Arianna Huffington, the founder of Thrive Global, spoke with School of Medicine Dean Lloyd Minor about self-care during the pandemic.
September 29, 2020 - By Mandy Erickson
The COVID-19 pandemic has elevated our stress levels and affected our sleep, said Thrive Global CEO Arianna Huffington, but it has also provided us with an opportunity to take better care of ourselves.
“Let’s not waste this crisis,” she said. “Let’s bring about the fundamental changes that were always needed.”
Huffington spoke with Lloyd Minor, MD, dean of the School of Medicine, during StanfordMed LIVE on Sept. 24. Minor and Huffington discussed problems the pandemic has engendered, including isolation, a lack of work-life balance, the separation of children from their peers, and conflict with family members.
“Over the past seven months, the COVID-19 pandemic has threatened not only our physical safety and health; it has also exacted an enormous mental toll,” Minor said. He noted that a Kaiser Family Foundation survey found that more than half of Americans surveyed said the pandemic had negatively impacted their mental health.
While the pandemic has raised stress levels, Huffington pointed out, many Americans were already feeling overwhelmed. As she told Minor, she was inspired to found Thrive Global by her 2007 experience of collapsing at her desk from exhaustion and sleep deprivation while working as editor-in-chief of The Huffington Post. Afterward, she began researching burnout and resilience, which led her to start Thrive Global in 2016. The mission of the enterprise is to help companies reduce employee stress through behavior-change technology. “The pandemic really has accelerated everything around this mission,” she said. Helping people recognize their stress triggers “is more needed at this moment than ever before.”
Workplace leaders can help employees tackle COVID-related stress by sharing their own struggles as well as the tactics they’re adopting to improve their mental resilience, Huffington said. “That gives the rest of the employees cultural permission” to do the same.
Minor said that playing the cello during the pandemic is part of what keeps him resilient. Huffington approved: “The fact that you are taking time to play the cello makes you a better dean,” she said.
Interviewing employees to learn the challenges they’re facing can also help leaders, she said. “Often, just expressing these challenges and clarifying the needs makes a big difference. If there’s no space for that expression, it becomes much harder.”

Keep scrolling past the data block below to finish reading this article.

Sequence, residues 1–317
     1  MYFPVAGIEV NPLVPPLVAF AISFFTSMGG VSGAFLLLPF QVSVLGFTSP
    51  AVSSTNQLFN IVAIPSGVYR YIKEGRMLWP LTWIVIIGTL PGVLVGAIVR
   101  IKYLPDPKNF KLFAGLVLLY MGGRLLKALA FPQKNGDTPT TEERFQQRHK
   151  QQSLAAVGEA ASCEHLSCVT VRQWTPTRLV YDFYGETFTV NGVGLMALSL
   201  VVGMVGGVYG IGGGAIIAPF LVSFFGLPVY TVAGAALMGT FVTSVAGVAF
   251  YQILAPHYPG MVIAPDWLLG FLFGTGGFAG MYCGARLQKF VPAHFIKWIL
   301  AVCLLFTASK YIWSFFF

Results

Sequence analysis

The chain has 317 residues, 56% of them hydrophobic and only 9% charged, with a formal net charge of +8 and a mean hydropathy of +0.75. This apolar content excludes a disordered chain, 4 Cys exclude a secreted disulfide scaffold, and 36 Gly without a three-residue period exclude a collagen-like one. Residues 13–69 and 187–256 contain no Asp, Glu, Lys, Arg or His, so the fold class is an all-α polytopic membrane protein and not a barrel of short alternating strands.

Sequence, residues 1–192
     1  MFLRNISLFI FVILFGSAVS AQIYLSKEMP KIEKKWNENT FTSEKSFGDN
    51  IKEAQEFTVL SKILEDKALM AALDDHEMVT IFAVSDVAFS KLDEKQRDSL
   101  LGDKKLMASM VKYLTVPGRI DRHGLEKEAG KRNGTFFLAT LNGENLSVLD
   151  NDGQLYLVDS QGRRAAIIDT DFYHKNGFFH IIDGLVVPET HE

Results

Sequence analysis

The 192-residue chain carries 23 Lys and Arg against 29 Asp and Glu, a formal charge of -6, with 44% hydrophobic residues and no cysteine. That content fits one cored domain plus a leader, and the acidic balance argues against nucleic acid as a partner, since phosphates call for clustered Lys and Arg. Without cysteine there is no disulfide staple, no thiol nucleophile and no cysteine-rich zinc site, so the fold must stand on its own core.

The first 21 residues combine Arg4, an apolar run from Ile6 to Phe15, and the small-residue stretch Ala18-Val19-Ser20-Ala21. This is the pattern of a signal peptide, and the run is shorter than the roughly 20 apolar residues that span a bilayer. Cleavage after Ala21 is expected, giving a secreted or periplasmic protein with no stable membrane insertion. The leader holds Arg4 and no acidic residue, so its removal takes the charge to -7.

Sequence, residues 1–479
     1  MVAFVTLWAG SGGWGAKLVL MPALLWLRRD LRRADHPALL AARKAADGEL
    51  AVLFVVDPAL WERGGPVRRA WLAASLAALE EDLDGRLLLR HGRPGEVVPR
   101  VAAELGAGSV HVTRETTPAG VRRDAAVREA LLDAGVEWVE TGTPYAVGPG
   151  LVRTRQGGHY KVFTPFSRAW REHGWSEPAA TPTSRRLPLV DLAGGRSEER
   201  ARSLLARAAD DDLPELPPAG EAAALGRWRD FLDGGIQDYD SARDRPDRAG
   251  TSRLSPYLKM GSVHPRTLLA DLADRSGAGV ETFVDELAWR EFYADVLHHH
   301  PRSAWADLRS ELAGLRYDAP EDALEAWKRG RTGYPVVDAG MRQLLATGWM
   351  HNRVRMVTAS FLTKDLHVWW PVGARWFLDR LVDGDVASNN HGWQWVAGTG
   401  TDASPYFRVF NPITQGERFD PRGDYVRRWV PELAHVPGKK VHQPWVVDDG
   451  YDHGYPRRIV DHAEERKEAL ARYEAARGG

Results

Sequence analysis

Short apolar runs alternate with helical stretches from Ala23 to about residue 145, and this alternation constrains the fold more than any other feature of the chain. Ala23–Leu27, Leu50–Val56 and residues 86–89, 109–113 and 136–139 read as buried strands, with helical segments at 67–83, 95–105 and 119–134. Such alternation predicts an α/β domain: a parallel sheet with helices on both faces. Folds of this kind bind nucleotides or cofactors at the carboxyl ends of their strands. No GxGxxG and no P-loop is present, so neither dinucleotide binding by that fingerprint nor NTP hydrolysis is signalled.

She added that individuals who are feeling overwhelmed can take “microsteps” — small changes in routine that she says are “too small to fail” — such as turning off cellphones before going to bed and setting a limit on media consumption.
Huffington also pointed out that with children and parents together at home, much of the mental burden is falling on women. “We’re still culturally inclined to have men say, ‘How can I help?’ instead of ‘How can I own this?’” She suggested that parents approach divvying up housework and child care as they would if they were work colleagues.
‘An opportunity to reimagine’
As the two discussed the effects that isolating at home is having on children, Huffington noted that it’s unknown how “this unprecedented experiment” will affect their mental health and social skills. “Already, we have a terrible problem of parents pushing their children to overachieve, to get into a good school, and the impact that was having on their stress levels,” she said.
Now, she said, parents are taking time to consider what matters in life, and how to bring that to their children instead of the “constant stress of pushing them to overachieve.”
As for the future of self-care and resilience, she said, “I would love us to see this pandemic as a portal and, as we get through this, we see it as an opportunity to reimagine and build a better world, leave behind the things that were not working.”
About Stanford Medicine
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